By Belva Plain
Bantam, Mass Market Paperbound, 9780440246039, 378pp.
Publication Date: May 29, 2012
Few authors have understood the tender intricacies of relationships better than the incomparable Belva Plain. In "Heartwood, " her final novel, she comes full circle with the themes she took up in her very first work, "Evergreen, " bringing us an unforgettable story of family and friendship, love and marriage, the challenges of life and the true secret of happiness.
Though Iris Stern considers herself a modern woman, with a successful career and a happy marriage, she still holds steadfast to her old-fashioned sensibilities. However, she often finds those sensibilities challenged by her children and the choices they have made. For Iris's daughter, Laura, a fresh start in New York City may be the last chance to save her troubled marriage, but as Laura copes with an impending separation and its effect on Iris's young granddaughter, Iris herself must come to grips with a long-held family secret. An emotional parting of another kind looms most prominently on Iris's horizon as neither her beloved husband nor her marriage is immune to the ravages of time. But like the inmost rings of a tree that abide through the generations, Iris will be as strong as heartwood.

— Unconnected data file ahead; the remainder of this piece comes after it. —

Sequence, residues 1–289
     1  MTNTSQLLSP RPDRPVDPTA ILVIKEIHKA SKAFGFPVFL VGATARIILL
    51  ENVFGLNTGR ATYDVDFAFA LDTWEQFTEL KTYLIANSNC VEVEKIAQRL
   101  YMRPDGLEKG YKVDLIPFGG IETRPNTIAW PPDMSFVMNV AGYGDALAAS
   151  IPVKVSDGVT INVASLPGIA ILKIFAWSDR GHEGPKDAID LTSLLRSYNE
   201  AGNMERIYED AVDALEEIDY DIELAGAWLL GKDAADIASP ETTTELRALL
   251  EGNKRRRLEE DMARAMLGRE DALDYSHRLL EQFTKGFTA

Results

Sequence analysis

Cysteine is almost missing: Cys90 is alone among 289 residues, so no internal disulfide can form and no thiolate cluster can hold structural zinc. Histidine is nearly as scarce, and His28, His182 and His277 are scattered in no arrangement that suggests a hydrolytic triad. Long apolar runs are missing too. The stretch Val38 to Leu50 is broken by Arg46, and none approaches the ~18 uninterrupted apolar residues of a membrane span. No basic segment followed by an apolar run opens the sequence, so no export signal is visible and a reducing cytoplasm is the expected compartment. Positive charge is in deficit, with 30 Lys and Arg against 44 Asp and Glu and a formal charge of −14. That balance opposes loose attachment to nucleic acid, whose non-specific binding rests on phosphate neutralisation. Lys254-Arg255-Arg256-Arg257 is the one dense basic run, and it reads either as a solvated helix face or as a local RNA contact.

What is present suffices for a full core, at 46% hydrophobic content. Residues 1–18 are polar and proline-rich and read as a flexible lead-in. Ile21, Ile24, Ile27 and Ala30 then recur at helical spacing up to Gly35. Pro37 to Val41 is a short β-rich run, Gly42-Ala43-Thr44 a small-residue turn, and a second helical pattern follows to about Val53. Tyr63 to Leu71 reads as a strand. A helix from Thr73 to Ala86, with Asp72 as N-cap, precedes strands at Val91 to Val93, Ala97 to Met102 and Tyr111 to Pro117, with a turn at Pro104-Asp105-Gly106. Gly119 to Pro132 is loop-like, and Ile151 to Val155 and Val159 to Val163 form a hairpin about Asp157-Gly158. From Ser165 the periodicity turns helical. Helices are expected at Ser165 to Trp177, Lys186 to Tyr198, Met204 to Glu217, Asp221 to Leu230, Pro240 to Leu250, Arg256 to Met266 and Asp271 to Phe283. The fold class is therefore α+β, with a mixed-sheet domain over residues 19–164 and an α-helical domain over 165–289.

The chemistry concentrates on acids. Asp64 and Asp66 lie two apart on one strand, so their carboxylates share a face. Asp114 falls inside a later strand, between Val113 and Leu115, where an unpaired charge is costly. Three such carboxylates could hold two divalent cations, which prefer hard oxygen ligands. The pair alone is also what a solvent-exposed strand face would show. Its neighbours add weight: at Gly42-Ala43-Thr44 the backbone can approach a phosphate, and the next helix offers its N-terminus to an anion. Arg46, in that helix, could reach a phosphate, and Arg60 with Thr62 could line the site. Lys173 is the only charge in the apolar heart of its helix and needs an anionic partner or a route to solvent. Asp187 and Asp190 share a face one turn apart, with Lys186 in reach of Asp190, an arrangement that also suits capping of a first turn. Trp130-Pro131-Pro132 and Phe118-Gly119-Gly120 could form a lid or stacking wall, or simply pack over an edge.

Before becoming a novelist, Belva Plain wrote short stories for many major magazines, but taking care of a husband and three children did not give her the time to concentrate on the novel she had always wanted to write. When she looked back and said she didn't have the time, she felt as though she had been making excuses. In retrospect, she said, "I didn't make the time." But, she reminded us, during the era that she was raising her family, women were supposed to concentrate only on their children. Today 30 million copies of her books are in print.
A Barnard College graduate who majored in history, Belva Plain enjoyed a wonderful marriage of more than 40 years to Irving Plain, an ophthalmologist. Widowed for more than 25 years, Ms. Plain continued to reside in New Jersey, where she and her husband had raised their family and which was still home to her nearby children and grandchildren until her death in October 2010."
“Vintage Plain, as she again affectingly celebrates a family’s resilience and love.”—Richmond Times-Dispatch
“A fitting last tribute to a beloved writer who touched so many readers. Plain will be dearly missed, but her books will allow her memory to live on forever.”—Ventura County Star